Racing Schools

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A racing school is a school dedicated to teaching the fine art of performance driving in either regular street cars such as a Ferrari, Porsche, Lotus, Audi, BMW or many others all the way up into purpose built race cars such as a Panoz, Formula Ford.

A quality racing school will push you to the edge and challenge your driving talents which in turn will make you a safer and better driver on the road and of course cut major chunks out of your lap times at your favorite tracks.

The more recommended of the following, in level of teaching and materials taught and practiced, as well as in the ability to recieve an FIA racing license or compete in a local league, are stressed.


Racing Schools/Drivers education providers in North America

* Audi driving experience
* Bertil Roos Racing School
* BIR Performance Driving School
* Bridgestone Winter driving school
* Car Guys
* Danny McKeevers Fast Lane school
* Marcus Motorsports
* Skip Barber
* Pro Drive
* Proformance
* Bob Bondurant
* Dale Jarrgett Race Adventure
* Panoz Racing
* TracQuest
* Jim Russell
* Driving Concepts
* Mario Andretti Racing School
* MCO Advanced Racing School (Canada)
* Spring Mountain Motorsports Ranch
* Porsche Driving Experience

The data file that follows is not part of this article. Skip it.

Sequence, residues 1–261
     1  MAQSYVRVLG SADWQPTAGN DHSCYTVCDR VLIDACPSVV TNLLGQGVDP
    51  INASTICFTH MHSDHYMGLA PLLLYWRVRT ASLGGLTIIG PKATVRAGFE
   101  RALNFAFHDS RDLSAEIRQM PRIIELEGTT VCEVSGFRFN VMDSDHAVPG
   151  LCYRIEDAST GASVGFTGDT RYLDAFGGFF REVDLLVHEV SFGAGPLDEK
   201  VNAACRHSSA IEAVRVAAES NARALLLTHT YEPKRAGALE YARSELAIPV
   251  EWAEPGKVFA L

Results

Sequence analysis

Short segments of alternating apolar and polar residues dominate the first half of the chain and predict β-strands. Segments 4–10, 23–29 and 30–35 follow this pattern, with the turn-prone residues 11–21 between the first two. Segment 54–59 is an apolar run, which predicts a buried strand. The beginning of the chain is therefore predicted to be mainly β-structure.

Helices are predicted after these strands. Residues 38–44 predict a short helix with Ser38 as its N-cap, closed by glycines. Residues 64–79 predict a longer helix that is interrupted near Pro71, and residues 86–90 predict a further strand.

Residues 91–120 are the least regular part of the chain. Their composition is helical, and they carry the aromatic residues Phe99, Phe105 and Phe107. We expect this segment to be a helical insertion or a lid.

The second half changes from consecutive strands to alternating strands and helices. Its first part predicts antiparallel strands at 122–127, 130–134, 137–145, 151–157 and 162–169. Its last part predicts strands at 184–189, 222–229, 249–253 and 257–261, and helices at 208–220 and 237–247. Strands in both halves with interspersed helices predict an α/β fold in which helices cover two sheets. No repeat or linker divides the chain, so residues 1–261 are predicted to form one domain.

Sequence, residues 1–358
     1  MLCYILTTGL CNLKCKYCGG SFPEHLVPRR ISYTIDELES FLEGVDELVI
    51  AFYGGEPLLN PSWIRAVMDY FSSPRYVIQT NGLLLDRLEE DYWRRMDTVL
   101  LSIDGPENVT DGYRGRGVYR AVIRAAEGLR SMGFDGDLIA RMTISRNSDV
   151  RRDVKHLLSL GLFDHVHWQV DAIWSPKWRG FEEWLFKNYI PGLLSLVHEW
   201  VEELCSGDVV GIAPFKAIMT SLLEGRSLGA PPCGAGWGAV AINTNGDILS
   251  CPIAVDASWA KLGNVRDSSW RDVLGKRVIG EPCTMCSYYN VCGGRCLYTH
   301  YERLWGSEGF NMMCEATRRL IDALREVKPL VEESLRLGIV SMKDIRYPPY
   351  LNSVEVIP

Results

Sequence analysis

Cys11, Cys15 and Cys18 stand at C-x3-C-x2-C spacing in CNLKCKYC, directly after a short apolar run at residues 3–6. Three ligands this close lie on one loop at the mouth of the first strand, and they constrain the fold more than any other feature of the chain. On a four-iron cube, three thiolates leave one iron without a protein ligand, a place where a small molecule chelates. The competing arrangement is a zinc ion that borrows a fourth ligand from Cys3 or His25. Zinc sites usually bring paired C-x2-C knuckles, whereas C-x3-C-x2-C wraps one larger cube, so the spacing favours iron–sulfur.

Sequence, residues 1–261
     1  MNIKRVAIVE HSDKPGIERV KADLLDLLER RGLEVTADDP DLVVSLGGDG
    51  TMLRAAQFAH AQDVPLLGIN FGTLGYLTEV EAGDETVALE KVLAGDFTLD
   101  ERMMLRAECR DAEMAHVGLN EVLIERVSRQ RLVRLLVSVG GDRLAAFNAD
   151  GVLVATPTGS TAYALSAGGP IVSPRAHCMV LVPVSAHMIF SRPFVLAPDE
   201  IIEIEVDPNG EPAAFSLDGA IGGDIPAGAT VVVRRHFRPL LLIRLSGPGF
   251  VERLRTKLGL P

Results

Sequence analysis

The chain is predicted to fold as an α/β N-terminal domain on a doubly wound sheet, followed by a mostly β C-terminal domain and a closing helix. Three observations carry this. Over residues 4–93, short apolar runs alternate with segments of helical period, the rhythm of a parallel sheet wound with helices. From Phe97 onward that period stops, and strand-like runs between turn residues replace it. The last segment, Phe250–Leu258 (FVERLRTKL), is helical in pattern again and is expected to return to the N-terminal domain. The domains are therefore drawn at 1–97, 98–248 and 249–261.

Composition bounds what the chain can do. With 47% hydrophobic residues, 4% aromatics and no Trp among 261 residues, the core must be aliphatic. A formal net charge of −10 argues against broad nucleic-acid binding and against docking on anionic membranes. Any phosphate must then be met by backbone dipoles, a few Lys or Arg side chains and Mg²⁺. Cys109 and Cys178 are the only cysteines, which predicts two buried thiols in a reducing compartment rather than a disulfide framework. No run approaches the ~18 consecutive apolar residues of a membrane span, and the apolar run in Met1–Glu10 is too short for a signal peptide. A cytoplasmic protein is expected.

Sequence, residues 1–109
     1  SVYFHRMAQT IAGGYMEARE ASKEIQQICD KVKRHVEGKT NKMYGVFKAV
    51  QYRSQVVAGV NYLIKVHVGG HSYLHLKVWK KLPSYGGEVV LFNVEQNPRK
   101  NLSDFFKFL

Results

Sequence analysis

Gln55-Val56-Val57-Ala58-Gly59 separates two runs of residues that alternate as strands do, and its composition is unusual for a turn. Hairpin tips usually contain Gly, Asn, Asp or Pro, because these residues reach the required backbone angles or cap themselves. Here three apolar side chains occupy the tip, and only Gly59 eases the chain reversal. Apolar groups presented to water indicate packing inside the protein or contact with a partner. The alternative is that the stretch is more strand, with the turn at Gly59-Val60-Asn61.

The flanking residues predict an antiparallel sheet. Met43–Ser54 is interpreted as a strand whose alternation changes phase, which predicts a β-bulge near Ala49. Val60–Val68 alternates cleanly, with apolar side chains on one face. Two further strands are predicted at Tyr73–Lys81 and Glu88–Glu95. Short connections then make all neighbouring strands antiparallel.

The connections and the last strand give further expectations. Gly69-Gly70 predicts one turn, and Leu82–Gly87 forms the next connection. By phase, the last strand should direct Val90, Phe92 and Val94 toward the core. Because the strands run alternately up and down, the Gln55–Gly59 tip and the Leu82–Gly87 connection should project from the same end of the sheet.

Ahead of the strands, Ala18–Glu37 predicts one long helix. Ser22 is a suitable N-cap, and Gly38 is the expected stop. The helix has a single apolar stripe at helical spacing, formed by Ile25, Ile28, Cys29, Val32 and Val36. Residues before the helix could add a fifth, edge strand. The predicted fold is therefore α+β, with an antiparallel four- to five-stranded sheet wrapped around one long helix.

Racing schools in Europe

Europe is the homeland of motorsport, and you might consider to go off-shores to participate in onee of the more prestigious racing schools:

Defensive/advanced driving courses

Skid-control tuitions

Personal coaching

A full racing school pack is going to be inefficient if it is your first introduction to race driving. First, you need to learn the theoretical basis, practice it's applicable principles on public road driving (whenever and however possible) and in driving simulations. Than, take a short advanced/defensive driving course and/or personal coaching. A personal trainer is evidentally better. Here are some good trainers:

What to expect from a Racing School

Each school is different, but the foundations are the same:

 * Learning the basics of car control - gas, brake, steering, shifiting.
 * Racing line - apex, braking, turn in points, etc
 * Passing and Off-line racing
 * Flags and cornerworkers
 * How to handle going off track, oversteer, understeer, spins, etc

You should receive lots of in-class instruction, as well as plenty of track time with one on one instruction from experienced racers.

Types of courses

Most schools offer a veriety of courses:

  • Closed-compound courses: Are held in big empty lots, airfields and alike, where limit-handling and emergency operation drills, as well as traction circles and slalom courses are held and taught to a group of drivers, in a rate of 1:2 to 1:4 student to instructor ratio. The goal of such courses might be to improve defensive road driving skills or advanced driving skills as a basis for track driving. The latter sort usually includes a run on a skidcar, a slalom and a gymkhana. The former might include a small portion held on public roads.